Growth is one side of the equation. Stability is another. At NAREIT Scott pointed out that multi-family is one of the most stable commercial markets, and one that has a built-in hedge against inflation (insofar as leases are renewed annually). The loan business is "lumpy". It surges and wanes, especially as prior surges in loans come back to the market, as should happen over the next four years. Multi-family, by contrast, is relatively stable. People need a place to live.
The RE portfolio should help to moderate future volatility.
"Danger"? It is a good development. More distance between home value assessment and taxation for school budgets and local government services leads to more 'tax the rich' thinking. Also, less home ownership means less individalism. Works for me and mine!
The big question is whether this will be a long term trend. I frankly don't think it will be. Market trends frequently reverse over time, but it could easily take anywhere from 20 to 50 years for the reversal to occur. The last major cyclic change in terms of residential home ownership occurred in the 1950's (60 years ago) when the dawn of mass manufactured homes (e.g. Levittown) made home ownership possible for a generation of renters that really no hope of owning until that innovation brought the price of ownership down. You probably have to go back to the 1890's to find the next prior shift, as farmers moved to the cities for factory jobs.
Bottom line, if this is beginning of the same kind of multi-generational shift, multi-family housing is going to be a big business for a long while.
He overstates somewhat, but the balance between owning in renting is clear shifting. There are a lot more renters now than there were eight years ago, and that's likely to be a trend for a while.
What he doesn't say is that the population is growing faster than available housing. If the shift continues there is going to be a lot of demand for new multifamily construction. The moment when that is happening is the right moment for RAS to sell its existing multifamily inventory. Prices usually peak as shortages force higher cost new construction.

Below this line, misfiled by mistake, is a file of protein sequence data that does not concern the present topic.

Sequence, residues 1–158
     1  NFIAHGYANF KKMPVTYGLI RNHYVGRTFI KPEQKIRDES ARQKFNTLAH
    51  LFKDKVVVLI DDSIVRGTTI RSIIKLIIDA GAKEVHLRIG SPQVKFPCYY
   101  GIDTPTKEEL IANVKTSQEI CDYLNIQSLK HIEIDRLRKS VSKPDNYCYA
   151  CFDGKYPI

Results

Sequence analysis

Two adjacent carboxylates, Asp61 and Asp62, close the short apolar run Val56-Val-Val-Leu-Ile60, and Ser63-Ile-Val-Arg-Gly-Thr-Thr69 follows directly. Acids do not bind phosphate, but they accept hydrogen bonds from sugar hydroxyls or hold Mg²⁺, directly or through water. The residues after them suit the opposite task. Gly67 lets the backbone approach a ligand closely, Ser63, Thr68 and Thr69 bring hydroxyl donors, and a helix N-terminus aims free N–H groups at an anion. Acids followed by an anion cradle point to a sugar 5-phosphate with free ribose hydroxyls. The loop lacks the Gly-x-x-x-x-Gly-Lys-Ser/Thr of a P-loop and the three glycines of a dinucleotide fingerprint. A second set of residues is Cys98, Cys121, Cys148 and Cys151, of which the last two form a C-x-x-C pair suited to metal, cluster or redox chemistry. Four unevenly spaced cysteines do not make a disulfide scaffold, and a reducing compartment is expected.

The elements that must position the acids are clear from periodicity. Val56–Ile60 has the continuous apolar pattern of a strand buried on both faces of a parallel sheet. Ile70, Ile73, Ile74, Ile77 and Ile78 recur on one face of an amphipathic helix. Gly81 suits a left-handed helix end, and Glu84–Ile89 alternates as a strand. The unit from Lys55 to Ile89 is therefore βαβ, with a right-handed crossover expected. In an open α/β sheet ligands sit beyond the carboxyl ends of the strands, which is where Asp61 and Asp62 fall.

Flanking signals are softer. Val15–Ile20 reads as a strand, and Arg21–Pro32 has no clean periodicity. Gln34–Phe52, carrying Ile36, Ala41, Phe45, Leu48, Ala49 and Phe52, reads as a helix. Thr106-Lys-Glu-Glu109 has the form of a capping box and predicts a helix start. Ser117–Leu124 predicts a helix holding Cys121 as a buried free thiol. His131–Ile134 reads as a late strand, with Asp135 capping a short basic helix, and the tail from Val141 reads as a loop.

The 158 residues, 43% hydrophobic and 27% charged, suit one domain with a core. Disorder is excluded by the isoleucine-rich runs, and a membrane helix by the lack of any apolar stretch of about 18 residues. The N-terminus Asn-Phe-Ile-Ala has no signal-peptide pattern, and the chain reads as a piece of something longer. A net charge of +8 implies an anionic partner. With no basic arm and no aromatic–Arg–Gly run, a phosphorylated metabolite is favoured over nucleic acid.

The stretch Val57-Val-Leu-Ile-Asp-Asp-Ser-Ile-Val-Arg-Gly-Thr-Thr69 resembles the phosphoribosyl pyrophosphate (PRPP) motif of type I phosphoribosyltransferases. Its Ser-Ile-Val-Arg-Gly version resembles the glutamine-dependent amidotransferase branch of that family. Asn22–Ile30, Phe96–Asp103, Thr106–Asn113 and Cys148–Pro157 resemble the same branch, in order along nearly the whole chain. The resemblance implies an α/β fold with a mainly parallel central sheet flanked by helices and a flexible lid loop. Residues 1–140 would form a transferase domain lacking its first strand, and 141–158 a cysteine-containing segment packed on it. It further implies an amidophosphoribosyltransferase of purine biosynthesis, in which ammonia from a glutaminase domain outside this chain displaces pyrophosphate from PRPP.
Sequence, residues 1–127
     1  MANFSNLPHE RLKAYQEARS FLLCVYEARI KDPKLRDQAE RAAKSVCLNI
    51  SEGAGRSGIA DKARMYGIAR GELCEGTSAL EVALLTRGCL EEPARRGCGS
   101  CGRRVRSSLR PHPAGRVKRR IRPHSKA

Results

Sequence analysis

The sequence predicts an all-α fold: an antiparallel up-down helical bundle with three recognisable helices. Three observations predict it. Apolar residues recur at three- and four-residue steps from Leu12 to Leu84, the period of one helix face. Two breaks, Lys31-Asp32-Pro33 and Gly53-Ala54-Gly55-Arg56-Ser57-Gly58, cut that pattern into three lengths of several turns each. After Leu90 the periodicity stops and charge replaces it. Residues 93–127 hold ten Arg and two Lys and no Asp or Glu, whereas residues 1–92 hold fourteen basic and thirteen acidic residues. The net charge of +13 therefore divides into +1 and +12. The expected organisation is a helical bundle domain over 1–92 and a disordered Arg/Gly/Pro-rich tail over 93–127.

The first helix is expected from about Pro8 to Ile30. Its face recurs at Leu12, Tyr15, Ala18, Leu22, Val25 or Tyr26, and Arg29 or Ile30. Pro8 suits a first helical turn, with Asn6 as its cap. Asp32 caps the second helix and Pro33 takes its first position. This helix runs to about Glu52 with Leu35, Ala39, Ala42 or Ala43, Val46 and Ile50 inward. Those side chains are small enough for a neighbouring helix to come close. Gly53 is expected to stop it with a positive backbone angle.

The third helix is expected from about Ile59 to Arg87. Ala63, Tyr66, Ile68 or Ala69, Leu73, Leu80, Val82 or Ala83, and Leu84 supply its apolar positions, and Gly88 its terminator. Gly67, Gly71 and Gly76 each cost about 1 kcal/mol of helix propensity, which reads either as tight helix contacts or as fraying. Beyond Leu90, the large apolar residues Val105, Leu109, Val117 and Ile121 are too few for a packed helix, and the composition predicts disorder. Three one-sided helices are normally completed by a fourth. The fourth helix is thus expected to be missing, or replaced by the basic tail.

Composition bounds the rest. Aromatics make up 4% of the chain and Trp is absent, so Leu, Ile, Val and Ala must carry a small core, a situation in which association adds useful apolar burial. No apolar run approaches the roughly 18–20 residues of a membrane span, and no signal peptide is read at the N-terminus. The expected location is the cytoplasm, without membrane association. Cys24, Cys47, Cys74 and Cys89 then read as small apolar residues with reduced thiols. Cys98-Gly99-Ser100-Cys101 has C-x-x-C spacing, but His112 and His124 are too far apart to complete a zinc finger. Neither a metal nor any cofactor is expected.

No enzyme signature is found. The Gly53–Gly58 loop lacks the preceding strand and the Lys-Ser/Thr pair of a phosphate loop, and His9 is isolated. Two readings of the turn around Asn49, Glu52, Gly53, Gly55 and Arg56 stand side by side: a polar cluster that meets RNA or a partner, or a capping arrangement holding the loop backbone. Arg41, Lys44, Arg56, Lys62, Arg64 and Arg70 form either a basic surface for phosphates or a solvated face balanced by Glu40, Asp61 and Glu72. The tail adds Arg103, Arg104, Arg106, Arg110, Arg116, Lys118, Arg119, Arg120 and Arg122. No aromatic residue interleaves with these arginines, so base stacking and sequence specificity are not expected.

Will RAS be renting finally all their vacant lots? How much extra for a tarp? And a bucket to defecate in? And a faux garage? Will renters be able to display an American flag (You know, of the Stars and Stripes variety)? More questions to follow.
I pay quite a bit of money when I rent an ocean front house for my vacation;-)
The beach front land that RAS owns is interesting property. assuming that they only lent 50 to 60% against the raw land, it could be a winner for RAS, despite it being a long haul holding with quite a bit of uncertainty. Values are likely to be similar to when RAS made the loan, BUT they have not been collecting the 5%+ interest that they should have been earning low these many years...............so, let's say they lent 60% LTV five years ago..............assuming values are back to what they were at the time of the loan............RAS is now at 85% LTV if they had been accruing interest all of that time.............of course they have not been accruing interest, so if the scenario is as I have described, RAS has a nice gain that they might be able to realize in the next two years.........or they own beachfront land for forever:-)
LOL. There are a few vacant lots. RAS may get a little income from the St. Pete Beach docks, but they are a long term asset. What matters now is the 93% occupancy and increasing rents RAS (and IRT) have on their large portfolio of multifamily apartments. In 1Q they generated more gross income than RAS pulled in Investment Interest Income ... and Investment Interest Income was up from 3Q.
The question you need to be asking yourself right now is why you didn't cover at a profit when you could get it. ++CCClol;